Some people will do anything to avoid driving if their last experience was a disaster. Others will avoid certain social gatherings because “they never have anything to say”. Others still will not apply for that promotion because they “just know they’ll never get selected”.
Our past experiences influence our behavior, and when those experiences are constantly negative, we adopt what has been described as learned helplessness.
Learned helplessness is knowing you will fail even before you try. It is giving up even before you begin. As Sun Tzu said, it is “knowing the battle is lost before it is ever fought”. Unfortunately, this behavior is quite common in childhood. It could look anything like:
- Your son is always pessimistic about his performance and always thinks he’ll fail
- Your daughter hardly puts in any effort because she has given up after repeated failure
- Your child lacks motivation and “hates school”
- Your child rarely asks for help because he thinks asking for help will “change nothing”
- Your son lacks confidence in his abilities
- Your daughter focuses on her weaknesses
- Your child takes a passive approach to almost everything
Understanding the origins of learned helplessness
Ivan Pavlov is often referred to as the “father of classical conditioning”. One of the best known experiments began when he noticed that each time he would give a dog food, the dog would salivate. He then decided to ring a bell each time he fed the dog. With time, the dog learned to associate the bell with food. In other words, every time it heard the bell, it would salivate, whether there was food or not.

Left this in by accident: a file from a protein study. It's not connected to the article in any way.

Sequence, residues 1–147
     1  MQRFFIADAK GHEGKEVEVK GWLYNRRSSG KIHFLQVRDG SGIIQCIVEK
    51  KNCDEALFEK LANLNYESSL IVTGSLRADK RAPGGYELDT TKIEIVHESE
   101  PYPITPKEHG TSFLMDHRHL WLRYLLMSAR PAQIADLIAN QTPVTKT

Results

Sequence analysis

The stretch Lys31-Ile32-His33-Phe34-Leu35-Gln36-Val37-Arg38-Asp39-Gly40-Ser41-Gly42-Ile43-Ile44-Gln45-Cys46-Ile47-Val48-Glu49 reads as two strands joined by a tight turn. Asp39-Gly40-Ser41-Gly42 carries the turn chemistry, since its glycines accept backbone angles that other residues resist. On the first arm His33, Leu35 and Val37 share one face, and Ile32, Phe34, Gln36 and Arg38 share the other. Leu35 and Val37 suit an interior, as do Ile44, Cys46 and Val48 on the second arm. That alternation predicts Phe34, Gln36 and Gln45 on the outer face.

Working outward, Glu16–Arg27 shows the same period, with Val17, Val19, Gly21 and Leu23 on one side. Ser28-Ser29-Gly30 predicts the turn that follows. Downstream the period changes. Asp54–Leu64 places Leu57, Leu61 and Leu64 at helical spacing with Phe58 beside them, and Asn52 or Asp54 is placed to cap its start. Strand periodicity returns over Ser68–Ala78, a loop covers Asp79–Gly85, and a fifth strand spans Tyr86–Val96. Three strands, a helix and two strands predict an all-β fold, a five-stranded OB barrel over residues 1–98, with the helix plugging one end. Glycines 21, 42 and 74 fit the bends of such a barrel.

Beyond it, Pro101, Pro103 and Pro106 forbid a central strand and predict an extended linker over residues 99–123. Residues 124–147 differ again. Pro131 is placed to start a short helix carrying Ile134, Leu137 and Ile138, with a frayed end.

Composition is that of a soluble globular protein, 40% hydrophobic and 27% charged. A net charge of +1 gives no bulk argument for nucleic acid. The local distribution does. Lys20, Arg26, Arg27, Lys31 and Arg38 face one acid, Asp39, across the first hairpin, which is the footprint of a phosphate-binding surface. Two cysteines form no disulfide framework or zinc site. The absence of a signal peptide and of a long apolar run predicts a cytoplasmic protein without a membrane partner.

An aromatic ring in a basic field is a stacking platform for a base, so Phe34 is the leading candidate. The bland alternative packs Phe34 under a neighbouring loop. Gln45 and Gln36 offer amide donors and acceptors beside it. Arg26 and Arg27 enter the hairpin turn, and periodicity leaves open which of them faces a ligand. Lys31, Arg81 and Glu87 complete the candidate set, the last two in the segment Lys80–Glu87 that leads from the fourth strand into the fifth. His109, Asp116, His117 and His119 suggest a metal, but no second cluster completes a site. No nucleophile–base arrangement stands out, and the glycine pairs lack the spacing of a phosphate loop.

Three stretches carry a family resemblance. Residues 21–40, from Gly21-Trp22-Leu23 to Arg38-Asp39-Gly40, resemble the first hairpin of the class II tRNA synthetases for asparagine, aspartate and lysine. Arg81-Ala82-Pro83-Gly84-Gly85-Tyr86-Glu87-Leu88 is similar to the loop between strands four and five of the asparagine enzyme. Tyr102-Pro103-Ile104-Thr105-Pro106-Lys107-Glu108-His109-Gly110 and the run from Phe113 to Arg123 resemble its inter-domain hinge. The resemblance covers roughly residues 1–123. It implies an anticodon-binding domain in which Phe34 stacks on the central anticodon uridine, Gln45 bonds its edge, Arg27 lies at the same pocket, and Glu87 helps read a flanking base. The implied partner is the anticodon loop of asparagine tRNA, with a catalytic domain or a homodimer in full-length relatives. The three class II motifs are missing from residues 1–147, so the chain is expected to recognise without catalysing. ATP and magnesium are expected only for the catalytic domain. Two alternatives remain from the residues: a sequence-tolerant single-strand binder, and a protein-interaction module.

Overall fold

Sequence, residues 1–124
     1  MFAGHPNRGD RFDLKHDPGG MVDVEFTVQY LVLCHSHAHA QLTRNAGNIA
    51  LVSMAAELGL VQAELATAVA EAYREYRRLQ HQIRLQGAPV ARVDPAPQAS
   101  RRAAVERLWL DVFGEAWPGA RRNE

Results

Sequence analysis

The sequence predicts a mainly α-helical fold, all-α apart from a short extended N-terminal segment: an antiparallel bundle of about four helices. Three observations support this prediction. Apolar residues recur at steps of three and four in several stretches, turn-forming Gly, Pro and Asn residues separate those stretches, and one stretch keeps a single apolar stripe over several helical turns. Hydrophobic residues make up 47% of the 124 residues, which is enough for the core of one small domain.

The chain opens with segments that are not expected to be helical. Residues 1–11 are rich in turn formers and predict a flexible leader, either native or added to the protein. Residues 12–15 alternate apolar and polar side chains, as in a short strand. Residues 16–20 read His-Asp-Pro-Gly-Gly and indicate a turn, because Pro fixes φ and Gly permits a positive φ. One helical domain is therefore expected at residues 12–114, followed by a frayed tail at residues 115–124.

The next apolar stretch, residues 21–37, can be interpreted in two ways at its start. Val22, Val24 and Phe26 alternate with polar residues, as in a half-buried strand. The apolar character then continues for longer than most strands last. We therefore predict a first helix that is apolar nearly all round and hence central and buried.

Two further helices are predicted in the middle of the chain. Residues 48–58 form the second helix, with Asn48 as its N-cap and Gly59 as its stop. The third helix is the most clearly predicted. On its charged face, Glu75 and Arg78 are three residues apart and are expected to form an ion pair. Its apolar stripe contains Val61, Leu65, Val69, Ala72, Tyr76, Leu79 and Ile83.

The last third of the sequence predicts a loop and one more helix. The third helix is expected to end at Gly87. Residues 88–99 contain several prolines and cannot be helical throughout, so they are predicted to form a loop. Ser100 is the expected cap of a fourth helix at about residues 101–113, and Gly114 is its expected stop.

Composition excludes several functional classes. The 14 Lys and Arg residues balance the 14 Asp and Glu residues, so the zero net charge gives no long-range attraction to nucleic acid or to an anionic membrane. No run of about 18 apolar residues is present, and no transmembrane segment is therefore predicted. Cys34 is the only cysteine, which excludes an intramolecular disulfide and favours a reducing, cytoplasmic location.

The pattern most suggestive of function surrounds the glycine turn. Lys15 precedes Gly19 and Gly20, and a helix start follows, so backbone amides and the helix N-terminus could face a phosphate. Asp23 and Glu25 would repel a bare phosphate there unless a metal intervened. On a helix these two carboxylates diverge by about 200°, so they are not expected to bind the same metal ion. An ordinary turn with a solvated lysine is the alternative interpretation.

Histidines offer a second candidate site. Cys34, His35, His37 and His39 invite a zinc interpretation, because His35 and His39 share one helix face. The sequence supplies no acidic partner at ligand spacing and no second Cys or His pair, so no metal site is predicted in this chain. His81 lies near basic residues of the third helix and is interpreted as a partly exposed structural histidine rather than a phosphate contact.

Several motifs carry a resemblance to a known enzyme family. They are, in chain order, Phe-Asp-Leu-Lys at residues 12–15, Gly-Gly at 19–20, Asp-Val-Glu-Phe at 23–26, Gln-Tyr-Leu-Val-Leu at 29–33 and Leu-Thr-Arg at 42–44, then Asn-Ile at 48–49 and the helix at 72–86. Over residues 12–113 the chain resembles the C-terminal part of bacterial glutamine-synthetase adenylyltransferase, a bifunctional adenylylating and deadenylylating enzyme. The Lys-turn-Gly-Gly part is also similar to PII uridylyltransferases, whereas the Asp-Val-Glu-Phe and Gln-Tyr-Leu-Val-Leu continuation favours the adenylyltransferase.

Classical conditioning was a great scientific discovery. It helped show that associating a conditioned stimulus (the food) to an unconditioned stimulus (the bell) could lead to a specific conditioned response (salivating). Classical conditioning studies made it possible to make great advances in understanding human behavior such as fear and anxiety.
It was through classical conditioning that Martin Seligman and his colleagues developed the theory of learned helplessness. In a well-known experiment, these researchers divided dogs into three group and administered a light shock to the dogs in group 2 and 3. While the dogs in group 2 were able to press on a lever to stop the shock, those in group 3 had no way of ending the shock.
After doing this repeatedly, the dogs were placed in crates with a fence they could easily jump over. The crates were divided into two sides – one side was electrified, the other was not. The researchers assumed that the dogs placed on the electrified side would jump to the other side of the fence when they received the light shock. They were surprised to see that while the dogs in group 2 immediately jumped to the other side of the fence when they received the light shock, those in group 3 simply lay down after receiving this shock.